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            The element of poverty can be defined differently, depending on the context in which it is used. Nonetheless, according to the World Health Organization, the phenomenon of poverty can be defined with regard to income. Therefore, the lower the income of an individual, the greater is his or her level of poverty. World Health Organization considers any individual or families spending less than US$2 each day poor (‘World Health Organization’ WEB). Poverty has many effects, including poor health, among others. Nonetheless, poverty is a social phenomenon, which is experienced in all countries, including the developed and developing countries.

The social phenomenon of poverty is not as simple as it might appear. This is a complex phenomenon, which is complicated. Therefore, it is has proved challenging to provide a universal definition of this phenomenon. In addition, it is also complicated and challenging to discover the real causes of poverty. Different scholars studying this phenomenon have identified differing causes, and most have disagreed on which ones to term as the main causes of this phenomenon (Lusted 12). Nonetheless, some of the main factors considered to cause poverty include unequal distribution of resources in the society, and environmental degradation. Unequal distribution of resources makes some people to be termed rich, and others poor. Therefore, the group of people with limited access to resources will experience poverty. On the other hand, environmental degradation will affect those people who solely rely on the environment for natural resources. Farmers, anglers, are affected negatively by environmental degradation, therefore, making them poor (‘Fight Poverty’ WEB).

Nonetheless, the phenomenon of poverty is important in the world today, as through tis, the distribution patterns of wealth and resources can be traced. This would therefore, help most sociologists understand other social issues in different countries, with regard to their poverty levels. Sociologists and Anthropologists argue that poverty is a phenomenon that has existed throughout history, even before the recorded history. This is because the element of social stratification is inherent in the human society. Therefore, status, wealth, and power are all unequally distributed in society, even in the prehistoric times.

Poverty is real and has been existent in the world over the past centuries. According to the records of the United Nations, poverty exists in most continents. In addition, Anthropologists and sociologists have traced poverty to the ancient eras, including the early periods of civilization. In addition, poverty is evident during the colonial era, according to sociologists. Today, the phenomenon of poverty is more prevalent in the third-world countries. Most African countries are stricken with poverty as shown by the increased deaths due to hunger, as well as increased immortality rates. Most poor African countries have therefore, benefited from considerable amount of aid and relief from the West (‘WHO’ WEB). On the other hand, in most developed countries, the government supports the few poor countries through financial assistance. Homelessness in both developed and developing countries is an evidence of poverty in those countries. Poverty is a problematic phenomenon, considering it is among the social phenomena that humankind has failed to address. Poverty is detrimental, but no strategy over the years, has been instrumental in eliminating it. Nonetheless, between environmental degradation and unequal distribution of resources, unequal distribution of resources in society is the most valid cause of poverty. If all people in society would access wealth in the same measure, then there would not exist the phenomenon of poverty (‘Fight Poverty’ WEB).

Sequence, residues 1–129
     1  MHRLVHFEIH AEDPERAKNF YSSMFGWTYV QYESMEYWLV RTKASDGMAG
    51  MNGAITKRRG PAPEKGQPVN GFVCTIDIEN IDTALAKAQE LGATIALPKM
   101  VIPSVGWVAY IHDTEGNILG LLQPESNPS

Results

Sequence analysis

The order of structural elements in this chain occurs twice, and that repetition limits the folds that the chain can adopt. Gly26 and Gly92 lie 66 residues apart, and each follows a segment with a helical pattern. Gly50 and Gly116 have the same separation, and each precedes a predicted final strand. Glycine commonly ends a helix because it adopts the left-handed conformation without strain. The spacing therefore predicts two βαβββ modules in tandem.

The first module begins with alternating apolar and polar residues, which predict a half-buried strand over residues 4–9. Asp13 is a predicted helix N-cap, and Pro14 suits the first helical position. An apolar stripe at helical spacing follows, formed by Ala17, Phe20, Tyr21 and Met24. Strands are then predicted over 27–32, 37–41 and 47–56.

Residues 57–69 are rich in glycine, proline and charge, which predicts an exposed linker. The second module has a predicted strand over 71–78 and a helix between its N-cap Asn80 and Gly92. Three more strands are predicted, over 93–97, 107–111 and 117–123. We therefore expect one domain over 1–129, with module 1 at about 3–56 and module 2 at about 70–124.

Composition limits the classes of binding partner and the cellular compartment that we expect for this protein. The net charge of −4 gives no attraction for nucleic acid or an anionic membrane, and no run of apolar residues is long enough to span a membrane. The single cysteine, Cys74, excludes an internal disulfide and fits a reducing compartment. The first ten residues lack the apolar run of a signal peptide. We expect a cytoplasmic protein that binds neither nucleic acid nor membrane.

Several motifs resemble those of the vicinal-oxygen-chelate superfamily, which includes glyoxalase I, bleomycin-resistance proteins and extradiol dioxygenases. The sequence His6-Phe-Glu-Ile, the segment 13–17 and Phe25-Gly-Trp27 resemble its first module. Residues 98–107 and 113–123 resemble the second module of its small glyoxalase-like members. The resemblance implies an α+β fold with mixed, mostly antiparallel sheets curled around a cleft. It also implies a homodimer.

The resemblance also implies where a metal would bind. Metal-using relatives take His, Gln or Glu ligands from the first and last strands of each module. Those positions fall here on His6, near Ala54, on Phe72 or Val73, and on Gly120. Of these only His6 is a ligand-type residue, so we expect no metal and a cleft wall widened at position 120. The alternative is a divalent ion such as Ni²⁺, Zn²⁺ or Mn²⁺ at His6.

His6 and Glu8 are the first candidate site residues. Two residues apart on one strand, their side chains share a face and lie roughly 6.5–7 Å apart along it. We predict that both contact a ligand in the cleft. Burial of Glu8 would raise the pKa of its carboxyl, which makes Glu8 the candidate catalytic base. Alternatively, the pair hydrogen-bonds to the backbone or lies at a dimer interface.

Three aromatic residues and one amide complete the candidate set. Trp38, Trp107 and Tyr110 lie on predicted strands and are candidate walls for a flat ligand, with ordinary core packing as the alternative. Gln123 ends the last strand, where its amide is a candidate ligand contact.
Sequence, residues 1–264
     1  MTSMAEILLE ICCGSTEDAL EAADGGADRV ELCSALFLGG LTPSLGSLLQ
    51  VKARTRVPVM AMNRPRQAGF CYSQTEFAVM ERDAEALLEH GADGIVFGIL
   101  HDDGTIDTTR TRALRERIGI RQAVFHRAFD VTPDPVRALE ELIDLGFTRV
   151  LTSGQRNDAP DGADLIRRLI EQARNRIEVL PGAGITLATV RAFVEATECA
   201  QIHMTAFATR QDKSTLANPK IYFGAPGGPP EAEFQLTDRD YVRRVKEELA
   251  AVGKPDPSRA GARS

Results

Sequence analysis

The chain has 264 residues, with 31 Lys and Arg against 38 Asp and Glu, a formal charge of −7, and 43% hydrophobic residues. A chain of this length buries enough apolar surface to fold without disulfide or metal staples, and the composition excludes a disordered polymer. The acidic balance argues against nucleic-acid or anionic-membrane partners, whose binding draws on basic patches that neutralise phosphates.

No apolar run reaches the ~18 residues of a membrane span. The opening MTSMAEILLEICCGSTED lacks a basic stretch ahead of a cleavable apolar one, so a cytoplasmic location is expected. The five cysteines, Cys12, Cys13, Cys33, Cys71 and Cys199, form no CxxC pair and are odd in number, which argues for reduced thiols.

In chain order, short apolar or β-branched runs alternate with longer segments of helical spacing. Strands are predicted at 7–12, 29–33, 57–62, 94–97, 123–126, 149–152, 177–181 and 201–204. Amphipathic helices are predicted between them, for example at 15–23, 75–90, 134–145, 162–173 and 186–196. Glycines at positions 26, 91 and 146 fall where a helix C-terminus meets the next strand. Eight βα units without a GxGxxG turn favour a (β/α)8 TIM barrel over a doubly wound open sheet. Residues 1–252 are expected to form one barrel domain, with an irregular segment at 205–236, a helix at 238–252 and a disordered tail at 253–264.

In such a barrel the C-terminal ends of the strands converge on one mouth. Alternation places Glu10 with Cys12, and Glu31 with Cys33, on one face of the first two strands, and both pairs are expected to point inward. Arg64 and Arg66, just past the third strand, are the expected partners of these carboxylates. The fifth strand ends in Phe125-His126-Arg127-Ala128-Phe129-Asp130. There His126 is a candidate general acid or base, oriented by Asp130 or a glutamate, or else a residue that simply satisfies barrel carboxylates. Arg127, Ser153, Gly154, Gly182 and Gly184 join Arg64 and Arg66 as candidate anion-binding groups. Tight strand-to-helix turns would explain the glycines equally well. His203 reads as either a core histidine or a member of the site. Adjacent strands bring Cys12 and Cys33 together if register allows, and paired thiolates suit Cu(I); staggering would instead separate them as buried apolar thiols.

Environmental degradation has existed for the past few decades, and there has been awareness about this aspect, which generally bears negative consequences for human beings. It is argued that environmental degradation leads to depletion of natural resource in the environment. In addition, environmental degradation is considered to have negative effects on the poor people in society and lead to the increase of their poverty levels. Throughout history in the world, the poor people are known to rely solely on the environment and the resources in the environment for their basic needs. Most poor would practise farming, hunting, and gathering for food. On the other hand, they get their fuel from firewood, and some use wild herbs for medication. This is because they lack money to purchase such like needs from the market. Therefore, the more the environment is degraded, natural resources get depleted, putting the poor, who depend on them at a risk (Duraiappah 3-5).